Hispanic/Latinx Heritage Month has begun at SIUE, and it’s continuing through mid-October with virtual events like inclusive conversations, a lotería game and Latin American cooking demonstrations.
The events are entirely virtual, but that hasn’t stopped the team from including a wide range, from educational events like “Ally Training – Best Practices: How to Better Serve Hispanic/Latinx Students in Higher Education” to recreational events like “History of la Piñata and Piñata Making.”
The events come as a result of collaboration between SIUC, SIUE and Maryville University. Director of the Center for Student Diversity and Inclusion at SIUE Lindy Wagner said the COVID-19 restrictions on the events created an opportunity for this collaboration.
“Now is a better time to collaborate than any because we’re all going to be virtual anyways,” Wagner said. “My hope is that this collaboration continues. So, even as we move into post-COVID times where things are more in person, I’d love to see still maybe a couple virtual opportunities so that we can continue this collaboration.”
SIU’s Hispanic/Latino Resource Coordinator Cristina Castillo echoed Wagner’s statement by saying the virtual events allowed the universities to reach a larger audience.
“It was a great opportunity for all of us to collaborate and put our efforts together to reach out to more people and unite the campuses,” Castillo said. “We’re all in the virtual world, and I think that that has really given us the opportunity to stretch our arms.”
This is Castillo’s third year planning Hispanic/Latinx Heritage Month, and when she plans events, she bases them on four components: history, culture and traditions, advocacy and contributions. She said advocacy matters to her.
“The advocacy is very important, especially in a political environment. The criminalization of Hispanic people as undocumented, or immigrants, or aliens, or the issues with our [Deferred Action for Childhood Arrivals] students make it very important that we bring something about advocacy,” Castillo said.
Wagner said she hopes all students attend the events, not just Hispanic/Latinx people.
“It’s always important that those who identify as members of the community as well as those who do not are all a part of the celebration … A lot of times those who might think of themselves as allies aren’t always coming to everything,” Wagner said.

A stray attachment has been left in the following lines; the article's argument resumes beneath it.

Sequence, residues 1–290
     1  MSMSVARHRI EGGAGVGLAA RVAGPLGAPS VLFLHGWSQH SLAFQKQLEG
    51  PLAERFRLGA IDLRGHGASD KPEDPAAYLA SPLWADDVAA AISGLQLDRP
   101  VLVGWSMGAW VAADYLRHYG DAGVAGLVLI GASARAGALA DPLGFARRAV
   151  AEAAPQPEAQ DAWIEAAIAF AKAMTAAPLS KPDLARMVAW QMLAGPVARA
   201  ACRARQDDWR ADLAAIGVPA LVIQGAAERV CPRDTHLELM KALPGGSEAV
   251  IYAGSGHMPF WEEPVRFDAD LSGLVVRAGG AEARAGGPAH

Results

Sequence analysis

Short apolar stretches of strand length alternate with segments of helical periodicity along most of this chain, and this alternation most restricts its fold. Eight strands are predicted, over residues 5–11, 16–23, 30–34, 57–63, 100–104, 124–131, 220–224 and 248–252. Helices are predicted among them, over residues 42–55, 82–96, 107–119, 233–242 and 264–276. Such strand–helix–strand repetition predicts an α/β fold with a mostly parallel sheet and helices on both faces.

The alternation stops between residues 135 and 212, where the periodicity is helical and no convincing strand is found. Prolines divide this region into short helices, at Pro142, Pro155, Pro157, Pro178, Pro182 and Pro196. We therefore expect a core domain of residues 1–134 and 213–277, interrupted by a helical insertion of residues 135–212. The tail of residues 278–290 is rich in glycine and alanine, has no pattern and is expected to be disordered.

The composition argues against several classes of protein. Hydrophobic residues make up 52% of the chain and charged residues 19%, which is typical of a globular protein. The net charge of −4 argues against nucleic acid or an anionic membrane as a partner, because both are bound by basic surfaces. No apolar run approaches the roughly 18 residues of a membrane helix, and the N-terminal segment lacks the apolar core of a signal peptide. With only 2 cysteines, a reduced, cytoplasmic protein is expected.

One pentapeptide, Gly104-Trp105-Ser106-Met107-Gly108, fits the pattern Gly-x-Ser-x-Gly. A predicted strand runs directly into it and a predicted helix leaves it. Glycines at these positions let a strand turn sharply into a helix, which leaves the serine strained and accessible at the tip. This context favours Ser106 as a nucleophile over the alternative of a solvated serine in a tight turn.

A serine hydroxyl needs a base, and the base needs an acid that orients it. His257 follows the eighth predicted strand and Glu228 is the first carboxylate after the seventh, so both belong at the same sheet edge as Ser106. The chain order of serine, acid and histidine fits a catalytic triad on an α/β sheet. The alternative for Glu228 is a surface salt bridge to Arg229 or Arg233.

While the virtual events are pulling numbers in the 40s according to Castillo, there are some who might be turned off by virtual events. Junior Corporate Organizational Management Major Mary Kimberly, of Dixon, Illinois, said she wouldn’t be attending the online events.
“I don’t think I’m going to virtually attend anything … It’s a pandemic; I get it,” Kimberly said. “When everything goes online – I don’t know, I feel like it’s homework. It’s not enjoyable and I’m not connecting to people.”
Another student, junior Nursing Major Jorge Esquivel of Highwood, Illinois, said he was excited the month was being celebrated, but he was not thrilled it was online.
“I’m excited about the events because there’s not a lot of Hispanics at SIUE so people get to learn about us and they get to see our culture,” Esquivel said. “I’m a little bummed because it’s virtual, but I understand because that’s a way to keep everybody healthy.”
Wagner said she hopes people see this month of events as the start of much more coming from CSDI.
“I really hope that people see this as the beginning of some exciting history and heritage month programs for the year … I know we get really fatigued because we’re all in classes and we’re all in programs, but I just hope people choose a couple programs here and there each month to participate in,” Wagner said.
Students interested in Hispanic/Latinx Heritage Month can check out the events calendar on the CSDI website.